What risks do lone workers face?


Lone workers can sometimes face greater risks than those who work in teams or busy workplaces. Consequently, it’s essential (and required by law) for employers to protect lone workers from accidents and potential injury. But to keep your workers safe, you first need to understand the risks. You can only implement policies and protocols that keep lone workers after you identify the most common hazards present at your workplace. 

The Canadian Centre for Occupational Health and Safety provides good resources for work alone safety.

Lone worker monitoring systems are an essential tool for keeping lone workers safe. Contact us to learn more about how CommAlert’s lone worker safety service protects employees.

What are some common workplace hazards?

Slips, trips, and falls

Slips, trips, and falls are the most common causes of workplace injuries. These types of accidents happen often in the workplace because these injuries affect all workers across all industries.

Heavy equipment accidents

Heavy machinery is another common cause of workplace injuries. Machine entanglement, in particular, is very prevalent and especially catastrophic for lone workers. Since no one is around to help, lone workers can be left immobilized, and the resulting incident can be much more severe.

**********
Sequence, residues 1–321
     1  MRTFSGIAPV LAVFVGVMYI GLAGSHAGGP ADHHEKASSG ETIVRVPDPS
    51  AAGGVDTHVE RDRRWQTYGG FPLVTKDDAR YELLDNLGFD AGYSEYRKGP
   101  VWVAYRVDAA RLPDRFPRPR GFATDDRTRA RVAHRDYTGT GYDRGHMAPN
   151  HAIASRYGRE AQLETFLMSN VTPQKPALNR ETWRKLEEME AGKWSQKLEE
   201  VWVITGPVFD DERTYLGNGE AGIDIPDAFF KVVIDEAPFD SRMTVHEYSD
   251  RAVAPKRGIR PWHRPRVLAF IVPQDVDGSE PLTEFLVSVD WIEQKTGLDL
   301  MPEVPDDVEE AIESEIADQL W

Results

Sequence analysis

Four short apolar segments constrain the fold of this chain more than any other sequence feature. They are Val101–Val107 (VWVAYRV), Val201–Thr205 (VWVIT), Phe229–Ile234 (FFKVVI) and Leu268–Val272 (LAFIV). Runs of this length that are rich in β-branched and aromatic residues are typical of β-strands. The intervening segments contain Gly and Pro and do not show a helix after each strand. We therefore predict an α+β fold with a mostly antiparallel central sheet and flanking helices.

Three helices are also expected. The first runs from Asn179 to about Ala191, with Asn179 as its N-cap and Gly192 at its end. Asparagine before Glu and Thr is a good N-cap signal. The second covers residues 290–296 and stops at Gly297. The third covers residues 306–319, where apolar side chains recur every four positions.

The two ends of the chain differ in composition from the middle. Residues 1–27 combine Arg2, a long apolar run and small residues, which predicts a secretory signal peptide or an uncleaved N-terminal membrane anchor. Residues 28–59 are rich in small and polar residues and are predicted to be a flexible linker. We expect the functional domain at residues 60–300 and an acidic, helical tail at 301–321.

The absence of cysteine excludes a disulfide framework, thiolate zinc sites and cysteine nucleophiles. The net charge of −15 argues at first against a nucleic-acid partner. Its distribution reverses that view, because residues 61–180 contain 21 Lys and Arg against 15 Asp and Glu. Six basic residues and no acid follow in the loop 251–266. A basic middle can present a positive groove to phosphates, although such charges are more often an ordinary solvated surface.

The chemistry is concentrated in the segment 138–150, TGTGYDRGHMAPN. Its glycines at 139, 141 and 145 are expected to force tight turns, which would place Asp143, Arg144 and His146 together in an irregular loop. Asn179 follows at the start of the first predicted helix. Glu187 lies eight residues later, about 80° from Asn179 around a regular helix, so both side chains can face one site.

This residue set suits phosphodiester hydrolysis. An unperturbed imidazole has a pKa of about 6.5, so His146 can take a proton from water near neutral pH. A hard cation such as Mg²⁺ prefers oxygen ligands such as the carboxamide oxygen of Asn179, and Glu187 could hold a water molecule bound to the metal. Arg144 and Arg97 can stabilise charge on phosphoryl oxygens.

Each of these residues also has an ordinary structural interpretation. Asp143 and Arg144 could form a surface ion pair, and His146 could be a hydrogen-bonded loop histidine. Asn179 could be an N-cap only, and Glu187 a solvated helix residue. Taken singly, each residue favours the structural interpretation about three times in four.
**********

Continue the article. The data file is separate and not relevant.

Environmental dangers

Lone workers operating outdoors face many environmental hazards. They’re at risk from exposure to extremely high or low temperatures that could lead to heat stroke or hypothermia. Some owners may also encounter attacks from wild animals. 

Invisible hazards

Though sometimes overlooked, these hazards can still have a significant impact on lone workers. For example, workers can sometimes lose consciousness when exposed to rising heat and fumes, leaving them vulnerable. Poor air quality can also impact their long-term health.

Hazardous objects

Injuries caused by hazardous objects can happen at any workplace. Construction and warehousing are obvious examples, but even lone workers in retail environments can be at risk. Cuts, lacerations, and concussions can happen whenever a lone worker touches a hazardous object.

Vehicle accidents

For some lone workers, driving is part of their job. If they frequently drive in remote areas or in adverse weather conditions, the consequences of a car accident could be extreme.

Medical emergencies

Medical emergencies can affect lone workers suddenly. Heart attacks, strokes, and severe allergic reactions are almost impossible to predict, so employers need to have lone worker protocols in place at all times. Any medical emergency can be more severe when no one is nearby to help.

Inability to communicate

If a lone worker can’t call for help, they’re at a greater risk of a serious accident. They could be out of service, unconscious, or simply just not have the means to communicate. At CommAlert, we use regular check-ins to ensure lone workers are safe. If they cannot communicate and miss a check-in as a result, we initiate emergency call out procedures.

Our lone worker monitoring solutions operate 24/7 and use live operators. We also tailor our services to your organization and each employee’s unique working environment.

Learn more about lone worker safety with CommAlert.